Database Performance Tools ADDM, AWR and ASH


Performance tuning and problem diagnosis are the two most challenging and important management tasks that any database administrator performs. Hence, let’s start our performance series with some of the tools that are delivered with the database:



The Oracle database automatically collects and stores workload information in the Automatic Workload Repository (AWR). AWR offers key information (e.g. wait classes, metrics, OS stats) and the repository is maintained automatically and html reports can be produced.


AWR can be used to identify:

  • SQLs or Modules with heavy loads or potential performance issues, symptoms of those heavy loads (e.g. logical I/O (buffer gets), Physical I/O, contention, waits)
  • SQLs that could be using sub-optimal execution plans (e.g. buffer gets, segment statistics), numbers of executions, parsing issues.
  • General performance issues, e.g. system capacity (I/O, memory, CPU), system/DB configuration. SGA (shared pool/buffer cache) and PGA sizing advice.



The Automatic Database Diagnostic Monitor (hereafter called ADDM) is an integral part of the Oracle RDBMS capable of gathering performance statistics and advising on changes to solve any existing performance issues measured. For this, ADDM uses the Automatic Workload Repository (AWR), a repository defined in the database to store database wide usage statistics at fixed size intervals (60 minutes).


To make use of ADDM, a PL/SQL interface called DBMS_ADVISOR has been implemented. This PL/SQL interface may be called directly through the supplied $ORACLE_HOME/rdbms/admin/addmrpt.sql script or used in combination with Oracle Enterprise Manager.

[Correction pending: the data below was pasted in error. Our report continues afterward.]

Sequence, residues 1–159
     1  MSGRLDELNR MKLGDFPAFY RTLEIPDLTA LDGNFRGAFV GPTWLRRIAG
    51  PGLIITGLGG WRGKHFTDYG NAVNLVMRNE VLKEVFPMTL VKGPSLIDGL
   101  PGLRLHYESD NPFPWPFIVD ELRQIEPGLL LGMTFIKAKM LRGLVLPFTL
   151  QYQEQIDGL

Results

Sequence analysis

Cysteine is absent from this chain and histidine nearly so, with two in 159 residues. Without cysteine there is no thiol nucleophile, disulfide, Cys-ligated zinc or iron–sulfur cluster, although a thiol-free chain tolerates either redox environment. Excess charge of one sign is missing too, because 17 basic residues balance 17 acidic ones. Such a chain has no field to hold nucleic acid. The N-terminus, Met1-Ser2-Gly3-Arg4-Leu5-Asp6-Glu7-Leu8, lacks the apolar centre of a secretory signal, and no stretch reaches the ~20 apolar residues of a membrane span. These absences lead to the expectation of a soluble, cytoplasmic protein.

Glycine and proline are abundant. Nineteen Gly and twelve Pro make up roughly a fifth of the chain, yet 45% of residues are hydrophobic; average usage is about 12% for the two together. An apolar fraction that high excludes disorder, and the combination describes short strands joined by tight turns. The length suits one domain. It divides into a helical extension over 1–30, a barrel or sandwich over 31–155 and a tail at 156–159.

Active Session History (ASH) acquires the active session’s activity information by sampling it from the database kernel’s session state objects. The quantity of information sampled by ASH could be quite voluminous, so ASH maintains a fixed-size circular buffer allocated during database start-up time in the database System Global Area (SGA).


The ASH data is periodically flushed to disk and stored in the Automatic Workload Repository (AWR) which we covered in the previous blog. The information can be used for drilldown purposes during problem diagnosis or performance tuning. In addition to ADDM using the ASH to achieve its objectives, the ASH contents will also be displayed in the Oracle Enterprise Manager (EM) performance screen.



Please note that those 3 tools require licenses. As an alternative, you can use Stats Pack and SQL Trace/TKPROF.


Further information is available via



Support Tools SQLT and SQLHC


Oracle Support offers several support tools that can be downloaded for free from My Oracle Support. We want to focus in this update on two of those tools related to diagnosing and identifying performance issues: SQLT and SQLHC.


In short, SQLT, also known as SQLTXPLAIN, inputs one SQL statement and outputs a set of diagnostics files. These files are commonly used to diagnose SQL statements performing poorly.  SQLT connects to the database and collects execution plans, Cost-based Optimizer CBO statistics, schema objects metadata, performance statistics, configuration parameters, and similar elements that influence the performance of the SQL being analyzed.